Effective surface area is the one of the major factor for dominating photo catalytic activity of the photo catalytic coatings. The larger the surface area is, the more active the photo catalytic activity becomes. The sample Tea showed well-defined honeycomb structure with the cell diameter of 200 - 1000 nm while the samples Ref and Sug showed flat surface with no particular structures (Figure 1). However, the photo catalytic activities of the samples of Tea and Ref were very close and no clear advantage in the photo catalytic activity was found in sample Tea. This paradox can be explained by the dimensions of the honeycomb cell and the film thickness.

Generally, honeycomb structured films possess larger effective surface area compared with that of the films with flat surfaces since the surface area inside the honeycomb cells acts as extra surface area. However, we have to take the relation of the film thickness and the cell diameter of the honeycomb structure into account. Figure 4 shows the schematic drawing of the sample “Tea”, which possesses well defined honeycomb structure with the cell diameter between 200 - 1000 nm and the thickness of 80 nm as described above. The point is that the cell diameter is larger than the film thickness as schematically illustrated in Figure 4.

There do exist the gain of the effective surface area with the honeycomb structure, however this gain is rather small because of the shallowness of the cells. Moreover, at the bottom of the shallow and wide honeycomb cells, not the surface of the photo catalytic film but the surface of the raw glass is exposed. Accordingly, the decrease in the surface coverage takes place in the honeycomb film compared with that of the films with flat surfaces which is a direct decrease in the effective surface area. The gain in the effective surface area originate from the inside area of the honeycomb cells is counterbalanced by the loss in the surface area caused by the surface coverage of the film itself forced by the shallow and wide dimensions of the cells. Hence the photo catalytic activities of the samples of Tea (honeycomb) and Ref (flat) were almost identical according to the photo decomposition of isopropanol (Figure 2).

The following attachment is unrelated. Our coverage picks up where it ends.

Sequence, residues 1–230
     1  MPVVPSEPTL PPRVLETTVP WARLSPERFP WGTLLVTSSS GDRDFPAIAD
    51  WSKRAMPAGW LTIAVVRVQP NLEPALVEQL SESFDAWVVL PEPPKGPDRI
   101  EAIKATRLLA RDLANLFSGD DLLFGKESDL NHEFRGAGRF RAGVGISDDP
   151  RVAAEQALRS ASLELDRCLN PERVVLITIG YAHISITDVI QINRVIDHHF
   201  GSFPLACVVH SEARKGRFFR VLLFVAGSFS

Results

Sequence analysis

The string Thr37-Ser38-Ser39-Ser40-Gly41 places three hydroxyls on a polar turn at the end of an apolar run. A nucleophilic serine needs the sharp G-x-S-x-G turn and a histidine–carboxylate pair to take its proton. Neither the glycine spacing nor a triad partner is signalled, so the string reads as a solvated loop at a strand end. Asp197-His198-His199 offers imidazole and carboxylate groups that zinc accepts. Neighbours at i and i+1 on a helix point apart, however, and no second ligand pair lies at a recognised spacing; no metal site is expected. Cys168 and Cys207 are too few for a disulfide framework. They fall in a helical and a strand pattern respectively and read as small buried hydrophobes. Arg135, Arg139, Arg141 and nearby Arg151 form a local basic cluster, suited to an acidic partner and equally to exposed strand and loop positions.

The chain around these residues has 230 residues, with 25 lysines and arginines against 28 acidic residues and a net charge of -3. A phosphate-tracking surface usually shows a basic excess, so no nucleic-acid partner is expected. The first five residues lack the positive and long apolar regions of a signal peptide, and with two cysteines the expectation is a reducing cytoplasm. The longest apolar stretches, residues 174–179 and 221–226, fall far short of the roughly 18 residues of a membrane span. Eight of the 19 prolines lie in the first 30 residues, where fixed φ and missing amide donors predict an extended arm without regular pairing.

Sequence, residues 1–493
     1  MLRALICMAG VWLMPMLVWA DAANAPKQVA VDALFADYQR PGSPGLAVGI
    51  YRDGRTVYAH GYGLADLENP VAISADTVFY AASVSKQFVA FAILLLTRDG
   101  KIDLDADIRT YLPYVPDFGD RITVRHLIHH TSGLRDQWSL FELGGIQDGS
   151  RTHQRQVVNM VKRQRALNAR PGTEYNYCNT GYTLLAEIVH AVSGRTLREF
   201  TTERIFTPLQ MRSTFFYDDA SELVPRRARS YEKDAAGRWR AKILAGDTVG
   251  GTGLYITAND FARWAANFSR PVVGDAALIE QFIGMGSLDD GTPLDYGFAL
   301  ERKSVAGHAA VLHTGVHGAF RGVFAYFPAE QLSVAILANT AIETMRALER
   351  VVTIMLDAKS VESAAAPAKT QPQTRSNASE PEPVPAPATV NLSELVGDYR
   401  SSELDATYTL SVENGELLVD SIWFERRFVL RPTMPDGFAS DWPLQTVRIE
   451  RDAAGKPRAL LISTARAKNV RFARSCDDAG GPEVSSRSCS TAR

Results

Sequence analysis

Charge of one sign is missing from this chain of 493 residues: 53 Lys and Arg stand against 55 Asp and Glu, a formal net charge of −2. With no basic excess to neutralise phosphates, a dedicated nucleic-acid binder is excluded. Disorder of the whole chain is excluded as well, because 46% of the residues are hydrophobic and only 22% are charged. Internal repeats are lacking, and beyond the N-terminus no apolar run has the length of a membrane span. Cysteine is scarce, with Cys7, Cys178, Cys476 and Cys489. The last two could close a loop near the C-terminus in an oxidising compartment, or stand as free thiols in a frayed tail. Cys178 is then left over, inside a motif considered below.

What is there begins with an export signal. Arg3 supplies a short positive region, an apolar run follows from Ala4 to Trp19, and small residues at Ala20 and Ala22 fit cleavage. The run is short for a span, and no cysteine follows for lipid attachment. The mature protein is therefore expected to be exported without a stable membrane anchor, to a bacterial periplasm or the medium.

Another paradox observed in Figure 2 is that the sample Sug grown by sugar as additive showed higher photo

(a)(b)(c)

Figure 2 The photocatalytic activities of the samples Ref, Tea, and Sug evaluated by photo-catalytic decomposition of isopropanol (CH3CH(OH)CH3) under ultraviolet irradiation.

catalytic activity than those of the samples Ref and Tea. The reproducibility of this superiority of the samples Sug (checked by several samples grown under same conditions shown in Table 1) was quite good and cannot be accidental. The samples Sug showed flat surface similar to that of the samples Ref by optical microscopy. One possibility is that the samples Sug possess nano pores which are invisible by optical microscopy; however

Figure 3. The change of the concentration of the isopropanol, acetone and CO2 with ultraviolet irradiation up to 30 hours on the sample Sug.

Figure 4. The schematic drawing of the sample Tea, which possesses well defined honeycomb structure with the cell diameter between 200 – 1000 nm and the thickness of 80 nm.

scanning electron microscopy could not provide evidences for the nano pores so far. Another interesting possibility is that the surface of the sample Sug was chemically improved by sugar additives during film growth processes, resulting in surfaces with higher photo catalytic activity.

Conflicts of Interest

The authors declare no conflicts of interest.